The printer should now appear in the left column in the Print & Fax panel.
A final step remains to set a CUPS option on the printer to always prompt for the name and password in the print dialog.  Apple does not provide a graphical user interface (GUI) to make this setting in Mac OS X 10.5, but there are two options:
  • Use the terminal to send a lpadmin command or
  • Print one time and have the print queue on the Macintosh go to hold status.
CUPS uses several configuration files stored in the a hidden folder /private/etc/cups.  The CUPS setting for  AuthInfoRequired  is in the file printers.conf as  AuthInfoRequired username,password  for each printer.
To add the setting in do one of the following steps:

a) Using Terminal to set the AuthInfoRequired option

This must be done by an administrator user on the Macintosh.
Follow these steps:

  1. Open /Applications/Utilities/
  2. Type: sudo lpadmin -p <printername> -o auth-info-required=username,password
    where <printername> is replaced with the text typed into the Name: field when the printer was created, with the dashes (-) replaced with underscores (_).
    Example: sudo lpadmin -p bld_001_color1 -o auth-info-required=username,password
    NOTE: The CUPS name of each printer on the machine can be discovered by typing lpstat -v and looking at the listing like this:
    device for bld_001_color1: ipp://
    The CUPS name will be the text after the word “for” and before the first colon(:).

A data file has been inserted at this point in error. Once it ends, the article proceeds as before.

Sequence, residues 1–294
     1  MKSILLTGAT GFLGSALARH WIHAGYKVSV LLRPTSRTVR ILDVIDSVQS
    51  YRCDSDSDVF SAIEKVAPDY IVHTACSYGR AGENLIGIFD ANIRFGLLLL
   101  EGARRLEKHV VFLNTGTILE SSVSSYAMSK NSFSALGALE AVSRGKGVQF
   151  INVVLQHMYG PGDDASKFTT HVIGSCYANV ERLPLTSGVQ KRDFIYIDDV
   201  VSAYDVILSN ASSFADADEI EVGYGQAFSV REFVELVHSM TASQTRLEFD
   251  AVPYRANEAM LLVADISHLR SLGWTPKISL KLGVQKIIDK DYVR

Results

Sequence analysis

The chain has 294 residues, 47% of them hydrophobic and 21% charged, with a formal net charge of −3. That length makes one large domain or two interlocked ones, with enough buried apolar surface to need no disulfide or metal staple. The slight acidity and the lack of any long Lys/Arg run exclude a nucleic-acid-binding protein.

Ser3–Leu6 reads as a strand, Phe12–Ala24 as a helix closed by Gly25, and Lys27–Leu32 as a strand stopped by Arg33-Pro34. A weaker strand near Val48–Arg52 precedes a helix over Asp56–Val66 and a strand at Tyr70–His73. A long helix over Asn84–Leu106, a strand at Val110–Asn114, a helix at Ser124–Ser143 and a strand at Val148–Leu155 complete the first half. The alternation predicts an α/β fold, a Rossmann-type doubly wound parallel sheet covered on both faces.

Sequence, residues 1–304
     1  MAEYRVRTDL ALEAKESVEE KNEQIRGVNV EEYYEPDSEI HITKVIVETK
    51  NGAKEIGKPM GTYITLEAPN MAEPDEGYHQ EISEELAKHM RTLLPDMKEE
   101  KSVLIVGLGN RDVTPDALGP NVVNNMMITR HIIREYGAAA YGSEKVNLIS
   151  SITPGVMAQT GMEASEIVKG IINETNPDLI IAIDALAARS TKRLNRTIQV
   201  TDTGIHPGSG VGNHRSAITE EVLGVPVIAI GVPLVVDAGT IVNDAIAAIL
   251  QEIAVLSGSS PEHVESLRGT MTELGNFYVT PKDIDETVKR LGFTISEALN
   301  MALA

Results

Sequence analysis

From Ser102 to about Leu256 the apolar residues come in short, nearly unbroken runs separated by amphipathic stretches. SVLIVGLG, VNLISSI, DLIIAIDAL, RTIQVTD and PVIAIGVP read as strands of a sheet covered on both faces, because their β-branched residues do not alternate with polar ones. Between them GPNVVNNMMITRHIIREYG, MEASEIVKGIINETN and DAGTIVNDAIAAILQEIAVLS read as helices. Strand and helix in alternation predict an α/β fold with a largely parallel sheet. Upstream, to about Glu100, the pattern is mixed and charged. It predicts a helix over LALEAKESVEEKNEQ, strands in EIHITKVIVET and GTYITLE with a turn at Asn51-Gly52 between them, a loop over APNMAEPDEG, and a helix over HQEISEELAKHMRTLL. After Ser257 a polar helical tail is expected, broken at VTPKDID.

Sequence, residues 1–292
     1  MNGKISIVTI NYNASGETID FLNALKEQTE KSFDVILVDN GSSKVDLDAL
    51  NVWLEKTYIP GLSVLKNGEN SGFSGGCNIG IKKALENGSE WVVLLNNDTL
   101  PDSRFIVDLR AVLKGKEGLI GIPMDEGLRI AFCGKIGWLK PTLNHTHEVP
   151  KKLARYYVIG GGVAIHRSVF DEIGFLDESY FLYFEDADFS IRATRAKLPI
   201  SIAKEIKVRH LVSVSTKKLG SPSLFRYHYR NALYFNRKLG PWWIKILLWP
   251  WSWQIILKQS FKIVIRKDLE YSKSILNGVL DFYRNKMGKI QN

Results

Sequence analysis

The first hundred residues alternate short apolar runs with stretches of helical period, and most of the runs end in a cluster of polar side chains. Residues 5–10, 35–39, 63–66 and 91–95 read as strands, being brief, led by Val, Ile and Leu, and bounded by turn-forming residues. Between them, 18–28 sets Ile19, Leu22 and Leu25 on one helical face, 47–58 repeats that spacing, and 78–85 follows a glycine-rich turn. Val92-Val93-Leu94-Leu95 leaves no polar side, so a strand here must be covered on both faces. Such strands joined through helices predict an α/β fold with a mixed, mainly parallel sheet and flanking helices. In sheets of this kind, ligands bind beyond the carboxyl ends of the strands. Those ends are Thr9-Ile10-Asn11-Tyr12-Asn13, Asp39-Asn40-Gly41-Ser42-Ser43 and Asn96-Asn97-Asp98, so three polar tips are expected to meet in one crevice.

3. Type the password of the administrator when prompted.
  4. Verify that the add worked by typing:
    lpoptions -p <printername>
    Example: lpoptions -p bld_001_color1
    The lpoptions should return some text like the following:
    media=Letter sides=one-sided finishings=3 copies=1 job-hold-until=no-hold job-priority=50 number-up=1 auth-info-required=username,password job-sheets=none,none printer-info=bld-001-color1 printer-is-accepting-jobs=1 printer-is-shared=0 printer-location=’Building 001 ‘ printer-make-and-model=’HP Color LaserJet 8500’ printer-state=3 printer-state-change-time=1218130564 printer-state-reasons=none printer-type=6328532
    As confirmation. look for the text:
    auth-info-required=username,password  .
  5. Test printing

b) Printing once to set the AuthInfoRequired

This option can be done without and command line tools but can be confusing.
Because the WolfCopy print servers are set to require both encryption and CUPS AuthType Basic, the print subsystem in MacOS X 10.5 will actually stop the print job (but not the print queue or printer) and mark that job with the status:
On Hold (Authentication required)
as shown by number 1 in Figure 3.

Figure 3. Print Queue window